WWF’s top ten threatened animal and plant species


This video is called Life On The Coral Reef.

From Wildlife Extra:

WWF’s top ten species needing urgent, global, action

May 2007. Ahead of the world’s major meeting on wildlife trade, WWF releases its top ten list of species needing urgent, global, action to reduce threats from trade. …

Red and pink coral – A jewel that comes from reefs and atolls, it is the most valuable of all the precious corals.

Pink coral has been fished for over 5,000 years and used for jewellery and decoration.

Over-harvesting and the destruction of entire colonies by bottom trawls and dredges have led to dramatic population declines.

WWF calls on governments to include all species of red and pink coral in CITES Appendix II.

Porbeagle – Porbeagle shark is a powerful, medium-sized, highly migratory shark.

There is international demand for, and trade, in its high-value meat and fins. It is also used as fertilizer.

WWF calls upon governments to include the species in CITES Appendix II.

Spiny dogfish – Spiny dogfish is a slender, smaller sized white-spotted shark that grows to about one metre long and travels in schools.

It is found in cool, coastal waters worldwide. Known as rock salmon, it is used in fish and chips in the UK and as a smoked meat delicacy in Germany, called Schillerlocken.

WWF calls upon governments to include the species in CITES Appendix II.

Sawfish – Populations of the seven species of sawfish have drastically declined.

They are traded as live animals for public aquariums, and also for their fins and meat.

Their distinctive saw-like snouts are sold as souvenirs and ceremonial weapons, while other body parts are used for traditional medicines.

WWF calls upon governments to include these species in CITES Appendix I.

Tigers – In addition to continuing threats from habitat loss and forest conversion, an old threat is about to re-emerge in China, which could put the last remaining tigers further at risk – the potential re-opening of trade from tiger ‘farms’.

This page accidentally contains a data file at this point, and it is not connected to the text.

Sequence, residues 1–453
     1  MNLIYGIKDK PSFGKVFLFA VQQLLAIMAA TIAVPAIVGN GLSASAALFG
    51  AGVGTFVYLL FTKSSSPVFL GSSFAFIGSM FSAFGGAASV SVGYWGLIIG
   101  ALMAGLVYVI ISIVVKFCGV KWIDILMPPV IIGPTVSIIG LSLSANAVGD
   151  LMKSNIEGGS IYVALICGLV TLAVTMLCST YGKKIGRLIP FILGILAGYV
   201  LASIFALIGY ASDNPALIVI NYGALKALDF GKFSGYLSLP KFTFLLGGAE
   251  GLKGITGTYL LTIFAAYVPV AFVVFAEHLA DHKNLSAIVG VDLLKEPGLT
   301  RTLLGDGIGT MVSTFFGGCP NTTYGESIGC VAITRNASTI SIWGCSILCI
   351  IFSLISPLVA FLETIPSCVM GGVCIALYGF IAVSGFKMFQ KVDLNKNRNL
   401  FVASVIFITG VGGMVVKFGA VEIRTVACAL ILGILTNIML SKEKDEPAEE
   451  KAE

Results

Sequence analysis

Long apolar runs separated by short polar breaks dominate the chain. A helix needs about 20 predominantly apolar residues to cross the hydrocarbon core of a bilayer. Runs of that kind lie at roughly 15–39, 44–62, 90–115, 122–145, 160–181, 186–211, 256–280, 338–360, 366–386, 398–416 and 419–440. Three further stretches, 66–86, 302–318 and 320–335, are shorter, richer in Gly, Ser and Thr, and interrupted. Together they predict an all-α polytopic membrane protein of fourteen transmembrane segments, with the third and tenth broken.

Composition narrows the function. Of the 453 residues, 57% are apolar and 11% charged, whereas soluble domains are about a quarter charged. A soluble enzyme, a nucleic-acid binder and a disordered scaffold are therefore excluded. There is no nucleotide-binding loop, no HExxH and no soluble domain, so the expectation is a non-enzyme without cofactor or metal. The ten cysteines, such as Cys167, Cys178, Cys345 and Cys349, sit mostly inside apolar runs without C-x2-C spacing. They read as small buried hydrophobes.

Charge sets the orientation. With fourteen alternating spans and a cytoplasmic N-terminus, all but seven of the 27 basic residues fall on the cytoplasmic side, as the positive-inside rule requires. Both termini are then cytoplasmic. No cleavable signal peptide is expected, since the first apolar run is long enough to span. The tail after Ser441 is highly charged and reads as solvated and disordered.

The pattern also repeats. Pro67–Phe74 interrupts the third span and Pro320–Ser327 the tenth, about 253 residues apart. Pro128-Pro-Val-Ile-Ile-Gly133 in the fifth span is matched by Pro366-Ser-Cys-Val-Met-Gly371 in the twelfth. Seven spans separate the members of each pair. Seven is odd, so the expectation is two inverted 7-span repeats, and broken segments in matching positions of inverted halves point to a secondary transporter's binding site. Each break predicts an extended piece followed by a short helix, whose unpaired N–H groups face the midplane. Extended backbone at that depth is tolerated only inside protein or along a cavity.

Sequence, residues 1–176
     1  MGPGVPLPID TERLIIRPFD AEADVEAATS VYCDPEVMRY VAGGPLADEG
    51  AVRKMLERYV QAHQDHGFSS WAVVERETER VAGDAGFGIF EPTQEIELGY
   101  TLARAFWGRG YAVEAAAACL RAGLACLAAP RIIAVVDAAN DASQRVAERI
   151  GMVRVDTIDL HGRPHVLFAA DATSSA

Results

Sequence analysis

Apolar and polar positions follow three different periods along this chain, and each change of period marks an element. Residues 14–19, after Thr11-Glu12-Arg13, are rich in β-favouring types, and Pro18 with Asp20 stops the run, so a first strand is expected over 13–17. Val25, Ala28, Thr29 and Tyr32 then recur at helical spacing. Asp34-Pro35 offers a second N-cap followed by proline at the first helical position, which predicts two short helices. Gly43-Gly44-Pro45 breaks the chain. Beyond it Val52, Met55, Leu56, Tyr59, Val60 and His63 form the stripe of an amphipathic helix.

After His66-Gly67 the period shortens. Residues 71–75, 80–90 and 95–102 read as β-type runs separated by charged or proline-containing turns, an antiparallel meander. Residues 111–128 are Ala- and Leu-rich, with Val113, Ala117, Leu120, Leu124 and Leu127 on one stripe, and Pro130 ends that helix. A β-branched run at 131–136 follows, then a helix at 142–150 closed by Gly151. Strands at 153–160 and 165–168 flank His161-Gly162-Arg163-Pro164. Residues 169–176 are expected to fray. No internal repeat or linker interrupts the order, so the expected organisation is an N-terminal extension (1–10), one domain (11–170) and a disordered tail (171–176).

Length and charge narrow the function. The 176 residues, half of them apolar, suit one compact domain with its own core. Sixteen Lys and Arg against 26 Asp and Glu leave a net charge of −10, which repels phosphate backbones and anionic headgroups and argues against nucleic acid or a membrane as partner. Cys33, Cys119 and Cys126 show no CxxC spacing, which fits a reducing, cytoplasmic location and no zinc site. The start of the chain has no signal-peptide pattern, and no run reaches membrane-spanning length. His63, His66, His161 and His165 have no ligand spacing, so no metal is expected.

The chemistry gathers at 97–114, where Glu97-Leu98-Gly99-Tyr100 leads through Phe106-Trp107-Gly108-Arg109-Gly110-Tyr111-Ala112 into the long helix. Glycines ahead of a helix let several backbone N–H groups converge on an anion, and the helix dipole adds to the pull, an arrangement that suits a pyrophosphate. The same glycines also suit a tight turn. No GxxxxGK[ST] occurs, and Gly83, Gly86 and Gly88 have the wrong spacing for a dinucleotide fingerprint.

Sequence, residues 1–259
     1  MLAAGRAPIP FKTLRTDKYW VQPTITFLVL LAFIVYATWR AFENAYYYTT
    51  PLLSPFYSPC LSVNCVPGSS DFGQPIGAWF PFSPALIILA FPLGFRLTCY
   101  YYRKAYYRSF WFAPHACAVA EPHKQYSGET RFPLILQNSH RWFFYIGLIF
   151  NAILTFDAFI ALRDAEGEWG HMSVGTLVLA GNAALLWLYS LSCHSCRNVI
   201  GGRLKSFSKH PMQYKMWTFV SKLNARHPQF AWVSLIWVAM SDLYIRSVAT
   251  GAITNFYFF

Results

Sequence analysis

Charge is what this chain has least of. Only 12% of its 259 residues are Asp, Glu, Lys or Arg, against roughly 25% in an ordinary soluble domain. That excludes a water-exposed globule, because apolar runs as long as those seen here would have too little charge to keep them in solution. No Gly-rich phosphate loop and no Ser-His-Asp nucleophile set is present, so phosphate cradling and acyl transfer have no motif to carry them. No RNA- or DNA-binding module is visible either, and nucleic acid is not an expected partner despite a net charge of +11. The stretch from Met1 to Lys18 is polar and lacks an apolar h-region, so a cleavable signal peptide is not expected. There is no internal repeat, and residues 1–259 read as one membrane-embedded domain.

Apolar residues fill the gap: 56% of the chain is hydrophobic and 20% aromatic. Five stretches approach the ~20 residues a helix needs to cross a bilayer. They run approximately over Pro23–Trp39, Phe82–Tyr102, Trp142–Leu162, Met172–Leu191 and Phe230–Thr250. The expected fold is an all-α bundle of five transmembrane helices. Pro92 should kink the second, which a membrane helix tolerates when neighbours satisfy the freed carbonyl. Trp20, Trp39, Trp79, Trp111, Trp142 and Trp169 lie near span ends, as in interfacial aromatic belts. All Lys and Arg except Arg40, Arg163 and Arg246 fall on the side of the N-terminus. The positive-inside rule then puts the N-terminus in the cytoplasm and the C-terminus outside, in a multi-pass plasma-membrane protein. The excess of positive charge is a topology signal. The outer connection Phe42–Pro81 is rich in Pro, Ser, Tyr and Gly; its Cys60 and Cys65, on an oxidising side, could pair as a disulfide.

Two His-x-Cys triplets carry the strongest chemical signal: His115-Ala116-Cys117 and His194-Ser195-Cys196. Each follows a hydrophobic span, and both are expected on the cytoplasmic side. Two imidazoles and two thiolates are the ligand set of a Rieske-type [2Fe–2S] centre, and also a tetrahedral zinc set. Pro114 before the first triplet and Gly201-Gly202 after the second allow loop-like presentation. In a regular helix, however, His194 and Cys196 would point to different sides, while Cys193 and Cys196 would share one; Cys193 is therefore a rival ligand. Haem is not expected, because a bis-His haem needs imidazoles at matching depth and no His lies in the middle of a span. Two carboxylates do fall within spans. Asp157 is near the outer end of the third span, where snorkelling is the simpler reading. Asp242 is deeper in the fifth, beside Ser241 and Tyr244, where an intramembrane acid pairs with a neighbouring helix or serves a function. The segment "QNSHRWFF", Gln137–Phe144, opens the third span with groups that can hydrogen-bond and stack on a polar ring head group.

WWF calls upon governments to take concerted action to stop all trade in tigers, particularly in China, and to improve enforcement efforts across Asia (e.g., India).

Asian rhinos – Historically hunted for their horn, a prized ingredient in traditional Asian medicines, and devastated by the destruction of their lowland forest habitat, Asian rhino populations are now distressingly small.

An upsurge in poaching over the last few [years] is taking its toll even on populations that were thought to be stable.

WWF calls upon governments to step up enforcement efforts, and assist countries such as Nepal to stop the poaching.

European eel – The European eel comes from coastal and freshwater ecosystems throughout Europe, including Mediterranean countries.

Stocks have declined dramatically over the past several decades due to overfishing and poaching.

There is significant international demand for this species, both for live juvenile eels (shipped from Europe to Asia) for rearing in aquaculture and for the highly valued meat of adults.

WWF calls on governments to include this species in CITES Appendix II.

Elephants – The ongoing poaching of elephants and illegal international trade in ivory is stimulated by rampant ivory sales in some countries, particularly in Africa and Asia.

Despite previous CITES decisions, and valiant efforts of some countries, these markets persist.

The time has come to put political will behind serious efforts to close down these illegal and unregulated ivory markets, the true driver of elephant poaching.

Great apes – Wild populations of great apes (gorillas, chimpanzees and orangutans), continue to decline drastically and are threatened by the combined effects of illegal trade in live animals (usually for pets), poaching for meat, disease and habitat disturbance, fragmentation and destruction.

WWF calls on governments and CITES to stop this trade – including by adequately enforcing existing laws and imposing deterrent penalties.

Bigleaf mahogany – This highly valuable South and Central American rainforest tree species was listed in CITES Appendix II in 2002, in response to population declines and high levels of illegal logging and trade.

Only one country still exports large commercial quantities, Peru, and after five years, these problems continue, and concerted action is needed.

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